Asset Management


I recently returned from the SMRP annual conference in Louisville, KY.  Congratulations to Marshall Institute for an exceptional showing!  I’d also like to thank those in attendance who honored me with the purchase of my newest book, Cover Your A$$ets, Asset Management at Your Place and at Your Pace.  It was a great show.

I had the great honor to present a track session on Asset Management.  It was very well received with an estimated audience size of 150 professionals.  The world, or at least the US, is hungry for information on Asset Management.  During the opening ceremony, we were informed that there were 6,721 CMRPs in the world, 1,130 CMRTs in the world, and only 7 CAMAs in the US.  CAMA is the designation for Certified Asset Management Auditor.  Seven!  Guys, we have got to get busy.

Even if your company doesn’t ascribe to a formal Asset Management certification, wouldn’t you agree that the formality of such a process would be positive for your organization?  It is crucial to understand that a certification in Asset Management, or at least the effort towards it, would be complimentary to TPM.  Where TPM advises that “We are all responsible for our equipment.”  ISO 55000 asserts that “We all will work to ensure the assets return value to the organization.”  I think those two ideas work together.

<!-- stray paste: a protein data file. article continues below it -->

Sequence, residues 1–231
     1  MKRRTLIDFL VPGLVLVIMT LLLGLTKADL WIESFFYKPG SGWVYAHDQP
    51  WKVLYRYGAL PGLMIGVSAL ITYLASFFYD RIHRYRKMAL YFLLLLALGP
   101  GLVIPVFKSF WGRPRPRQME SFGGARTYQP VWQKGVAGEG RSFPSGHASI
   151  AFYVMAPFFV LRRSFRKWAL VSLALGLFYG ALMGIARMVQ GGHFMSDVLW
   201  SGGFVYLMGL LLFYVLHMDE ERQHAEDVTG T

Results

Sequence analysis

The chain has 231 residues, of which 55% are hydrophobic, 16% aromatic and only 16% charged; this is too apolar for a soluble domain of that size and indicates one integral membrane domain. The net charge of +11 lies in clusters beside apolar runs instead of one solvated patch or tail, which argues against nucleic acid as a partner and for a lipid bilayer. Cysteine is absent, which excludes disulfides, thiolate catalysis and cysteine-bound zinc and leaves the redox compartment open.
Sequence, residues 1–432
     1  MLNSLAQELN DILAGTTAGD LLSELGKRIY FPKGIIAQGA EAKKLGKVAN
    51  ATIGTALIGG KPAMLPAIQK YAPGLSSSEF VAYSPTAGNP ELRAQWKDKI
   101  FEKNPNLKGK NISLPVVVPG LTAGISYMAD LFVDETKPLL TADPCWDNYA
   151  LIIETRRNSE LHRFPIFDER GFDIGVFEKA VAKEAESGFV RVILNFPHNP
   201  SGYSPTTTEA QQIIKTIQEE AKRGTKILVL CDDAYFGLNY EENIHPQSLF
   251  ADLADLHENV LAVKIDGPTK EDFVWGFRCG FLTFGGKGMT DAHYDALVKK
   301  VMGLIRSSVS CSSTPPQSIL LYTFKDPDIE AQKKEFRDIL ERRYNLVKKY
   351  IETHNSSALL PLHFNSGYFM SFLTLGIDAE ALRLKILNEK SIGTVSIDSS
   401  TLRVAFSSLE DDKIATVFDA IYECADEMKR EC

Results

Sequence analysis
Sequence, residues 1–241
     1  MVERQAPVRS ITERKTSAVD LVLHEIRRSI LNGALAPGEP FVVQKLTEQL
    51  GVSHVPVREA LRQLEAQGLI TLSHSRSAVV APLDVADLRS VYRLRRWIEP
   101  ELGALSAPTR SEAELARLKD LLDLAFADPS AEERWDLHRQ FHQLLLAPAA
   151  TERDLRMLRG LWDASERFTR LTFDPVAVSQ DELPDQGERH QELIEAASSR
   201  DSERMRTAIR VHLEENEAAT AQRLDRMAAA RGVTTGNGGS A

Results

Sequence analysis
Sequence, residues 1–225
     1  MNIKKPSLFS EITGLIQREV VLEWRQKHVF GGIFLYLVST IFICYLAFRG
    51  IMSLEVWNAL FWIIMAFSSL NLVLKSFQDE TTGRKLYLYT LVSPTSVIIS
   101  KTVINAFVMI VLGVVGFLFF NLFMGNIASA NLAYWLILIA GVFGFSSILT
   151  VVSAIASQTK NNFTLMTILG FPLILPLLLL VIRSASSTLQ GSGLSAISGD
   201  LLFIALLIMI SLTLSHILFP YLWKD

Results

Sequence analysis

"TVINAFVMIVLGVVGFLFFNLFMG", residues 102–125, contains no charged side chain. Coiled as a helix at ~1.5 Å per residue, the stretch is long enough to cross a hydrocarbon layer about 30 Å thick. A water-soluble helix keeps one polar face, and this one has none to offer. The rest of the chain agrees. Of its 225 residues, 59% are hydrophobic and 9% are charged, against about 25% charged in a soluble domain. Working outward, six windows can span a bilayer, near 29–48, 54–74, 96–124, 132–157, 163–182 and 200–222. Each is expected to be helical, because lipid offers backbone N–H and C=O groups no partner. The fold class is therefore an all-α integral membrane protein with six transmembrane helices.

My second book covers asset management and does so in a very compelling (read that as helpful and ‘fun’) manner.  Our first endeavor towards getting our assets together should be to create an accurate asset list.  I find it interesting, yet concerning, that most organizations can’t agree on what assets we are talking about.  Does your organization currently have an up to date asset listing?  Do you even know where it is?

All things positive stem from this list.  Consequently, many things ‘negative’ can from from an incomplete or inaccurate list.  Start with this list and then stratify this list into weights of importance.  If we can agree among our colleagues what assets we are talking about, then can we agree on how important those assets are?  ISO 55000, the asset management standard, allows us to determine which assets are to be included in the asset management process.  It is, therefore, imperative, that we get this fundamental element right.  Right?



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